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UAW expands strike to Stellantis pickup truck plant in Michigan


United Auto Workers President Shawn Fain greets workers at the Stellantis Sterling Heights Assembly Plant, to mark the beginning of contract negotiations in Sterling Heights, Michigan, U.S. July 12, 2023.

Rebecca Cook | Reuters

DETROIT – The United Auto Workers union is expanding its strike to a Stellantis plant in Michigan that produces Ram 1500 full-size pickup trucks, dealing another blow to the major automakers as negotiations drag on.

The work stoppage includes roughly 6,800 workers at Stellantis’ Sterling Heights Assembly Plant in suburban Detroit, the union publicly announced Monday morning after initiating the walkout.

“Currently, Stellantis has the worst proposal on the table regarding wage progression, temporary worker pay and conversion to full-time, cost-of-living adjustments (COLA), and more,” the UAW said in a release.

The work stoppage at SHAP brings the total number of UAW members on strike with the Detroit automakers to more than 40,000. It marks the first escalation in the union’s strike in nearly two weeks and the first new work stoppage at Stellantis in over a month.

The facility is one of the most important U.S. plants to Stellantis, however the automaker is better poised to wait out a work stoppage at the truck plant than its crosstown rivals General Motors and Ford Motor, with a relatively healthy supply of Ram pickups ready to go.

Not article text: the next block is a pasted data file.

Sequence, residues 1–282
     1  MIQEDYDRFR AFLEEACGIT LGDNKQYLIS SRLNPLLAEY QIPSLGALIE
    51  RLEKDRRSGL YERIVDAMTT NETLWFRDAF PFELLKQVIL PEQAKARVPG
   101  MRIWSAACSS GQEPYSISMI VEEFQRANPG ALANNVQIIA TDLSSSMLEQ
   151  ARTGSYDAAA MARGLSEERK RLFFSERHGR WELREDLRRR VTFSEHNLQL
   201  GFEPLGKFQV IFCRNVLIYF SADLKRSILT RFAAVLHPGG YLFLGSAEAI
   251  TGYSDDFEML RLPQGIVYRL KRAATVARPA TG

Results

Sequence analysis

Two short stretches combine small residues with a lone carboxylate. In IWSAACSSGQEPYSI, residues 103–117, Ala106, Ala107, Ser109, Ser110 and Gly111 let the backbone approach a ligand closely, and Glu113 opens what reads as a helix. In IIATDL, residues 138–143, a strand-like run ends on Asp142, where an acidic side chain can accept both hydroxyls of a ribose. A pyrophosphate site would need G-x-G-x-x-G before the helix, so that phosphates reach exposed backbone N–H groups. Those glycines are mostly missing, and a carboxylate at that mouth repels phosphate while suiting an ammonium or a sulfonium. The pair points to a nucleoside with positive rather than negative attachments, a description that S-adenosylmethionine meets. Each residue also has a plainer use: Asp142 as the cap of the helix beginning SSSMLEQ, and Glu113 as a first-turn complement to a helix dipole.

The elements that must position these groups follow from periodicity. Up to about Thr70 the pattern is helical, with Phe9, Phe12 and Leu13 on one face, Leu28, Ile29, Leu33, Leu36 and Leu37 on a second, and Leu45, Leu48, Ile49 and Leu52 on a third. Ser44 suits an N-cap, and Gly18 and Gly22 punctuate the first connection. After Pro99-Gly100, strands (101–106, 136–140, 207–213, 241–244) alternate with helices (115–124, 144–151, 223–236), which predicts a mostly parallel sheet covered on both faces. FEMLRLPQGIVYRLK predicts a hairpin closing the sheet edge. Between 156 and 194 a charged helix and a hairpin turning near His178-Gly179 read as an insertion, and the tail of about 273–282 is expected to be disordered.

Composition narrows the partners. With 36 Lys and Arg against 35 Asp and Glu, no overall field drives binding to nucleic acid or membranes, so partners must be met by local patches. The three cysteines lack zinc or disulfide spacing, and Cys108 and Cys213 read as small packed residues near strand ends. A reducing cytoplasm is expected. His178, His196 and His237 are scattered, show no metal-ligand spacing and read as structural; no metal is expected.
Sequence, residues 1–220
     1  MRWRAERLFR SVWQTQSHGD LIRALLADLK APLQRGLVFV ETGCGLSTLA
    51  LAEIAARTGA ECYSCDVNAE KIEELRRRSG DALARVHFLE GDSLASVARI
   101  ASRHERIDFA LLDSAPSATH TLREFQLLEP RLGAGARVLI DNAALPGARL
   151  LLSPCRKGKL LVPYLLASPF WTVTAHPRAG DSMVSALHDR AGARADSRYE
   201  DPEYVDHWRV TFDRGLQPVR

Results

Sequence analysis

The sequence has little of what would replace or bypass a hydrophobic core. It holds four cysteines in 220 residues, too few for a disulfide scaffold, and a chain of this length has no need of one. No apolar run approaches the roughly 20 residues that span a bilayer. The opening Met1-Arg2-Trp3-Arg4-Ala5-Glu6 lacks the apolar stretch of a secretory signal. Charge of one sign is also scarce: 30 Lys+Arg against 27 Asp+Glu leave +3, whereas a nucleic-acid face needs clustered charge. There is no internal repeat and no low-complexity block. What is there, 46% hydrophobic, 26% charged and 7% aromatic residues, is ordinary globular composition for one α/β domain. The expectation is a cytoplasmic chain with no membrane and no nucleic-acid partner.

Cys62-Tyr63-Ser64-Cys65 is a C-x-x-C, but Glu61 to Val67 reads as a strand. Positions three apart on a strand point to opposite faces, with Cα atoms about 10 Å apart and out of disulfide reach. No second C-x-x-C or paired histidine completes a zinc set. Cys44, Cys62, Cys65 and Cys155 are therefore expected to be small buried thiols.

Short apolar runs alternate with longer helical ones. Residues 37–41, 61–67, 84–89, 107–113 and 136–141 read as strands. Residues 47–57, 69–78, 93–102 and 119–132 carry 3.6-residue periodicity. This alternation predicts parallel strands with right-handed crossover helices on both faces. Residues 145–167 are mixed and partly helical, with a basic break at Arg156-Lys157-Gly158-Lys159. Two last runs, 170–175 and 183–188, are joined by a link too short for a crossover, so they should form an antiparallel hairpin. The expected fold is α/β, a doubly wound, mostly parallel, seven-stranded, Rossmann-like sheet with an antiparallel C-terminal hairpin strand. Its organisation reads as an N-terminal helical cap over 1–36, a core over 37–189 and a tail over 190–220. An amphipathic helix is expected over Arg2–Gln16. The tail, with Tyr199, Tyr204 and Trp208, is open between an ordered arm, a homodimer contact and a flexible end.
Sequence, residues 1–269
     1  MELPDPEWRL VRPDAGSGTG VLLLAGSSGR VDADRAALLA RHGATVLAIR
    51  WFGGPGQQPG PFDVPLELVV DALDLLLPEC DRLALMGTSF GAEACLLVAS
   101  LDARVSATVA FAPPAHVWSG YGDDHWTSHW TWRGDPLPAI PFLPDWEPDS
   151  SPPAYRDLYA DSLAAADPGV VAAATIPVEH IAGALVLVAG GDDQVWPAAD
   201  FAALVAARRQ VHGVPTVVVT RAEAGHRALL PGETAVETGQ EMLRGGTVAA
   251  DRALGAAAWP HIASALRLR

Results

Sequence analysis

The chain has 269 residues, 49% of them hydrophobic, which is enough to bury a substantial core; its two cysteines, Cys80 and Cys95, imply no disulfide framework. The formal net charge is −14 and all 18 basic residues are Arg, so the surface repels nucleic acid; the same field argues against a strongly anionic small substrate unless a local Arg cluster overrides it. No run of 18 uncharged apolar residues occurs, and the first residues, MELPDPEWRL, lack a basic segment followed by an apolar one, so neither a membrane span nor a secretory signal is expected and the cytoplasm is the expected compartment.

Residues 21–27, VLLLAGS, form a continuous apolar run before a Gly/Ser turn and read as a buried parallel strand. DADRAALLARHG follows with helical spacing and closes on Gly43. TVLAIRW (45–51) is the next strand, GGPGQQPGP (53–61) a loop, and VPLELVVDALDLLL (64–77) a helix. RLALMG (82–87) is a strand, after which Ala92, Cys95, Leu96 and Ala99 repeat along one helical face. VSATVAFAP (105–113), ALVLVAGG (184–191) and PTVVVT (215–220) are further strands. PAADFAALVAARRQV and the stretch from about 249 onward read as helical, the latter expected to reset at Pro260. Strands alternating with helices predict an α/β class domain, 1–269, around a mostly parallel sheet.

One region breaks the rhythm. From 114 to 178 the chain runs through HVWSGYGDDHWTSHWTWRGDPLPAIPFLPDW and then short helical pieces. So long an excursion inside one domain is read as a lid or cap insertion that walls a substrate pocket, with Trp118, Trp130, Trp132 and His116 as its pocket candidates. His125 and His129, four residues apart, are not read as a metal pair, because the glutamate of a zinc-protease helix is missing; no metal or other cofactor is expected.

The Ram 1500 had a 114 days-supply as of Oct. 17, according to Cox Automotive. That compared to the Chevrolet Silverado 1500 at 100 days-supply and Ford F-150 at 99 days-supply. The industry average is roughly 62 days, according to Cox.

The unannounced walkout is the latest example of what UAW President Shawn Fain called a “new phase” of bargaining with the automakers in which the union would take a more aggressive tack. For several weeks since the targeted strikes began on Sept. 15, the UAW was pre-announcing strike locations and typically on Fridays.

But on Oct. 11 the union announced its first unexpected walkout at Ford’s Kentucky Truck Plant — responsible for $25 billion in revenue annually — marking a major escalation in the ongoing negotiations.

Fain on Friday said there was “more to be won” from the automakers.

Stellantis did not immediately comment on Monday following news of the latest strike.

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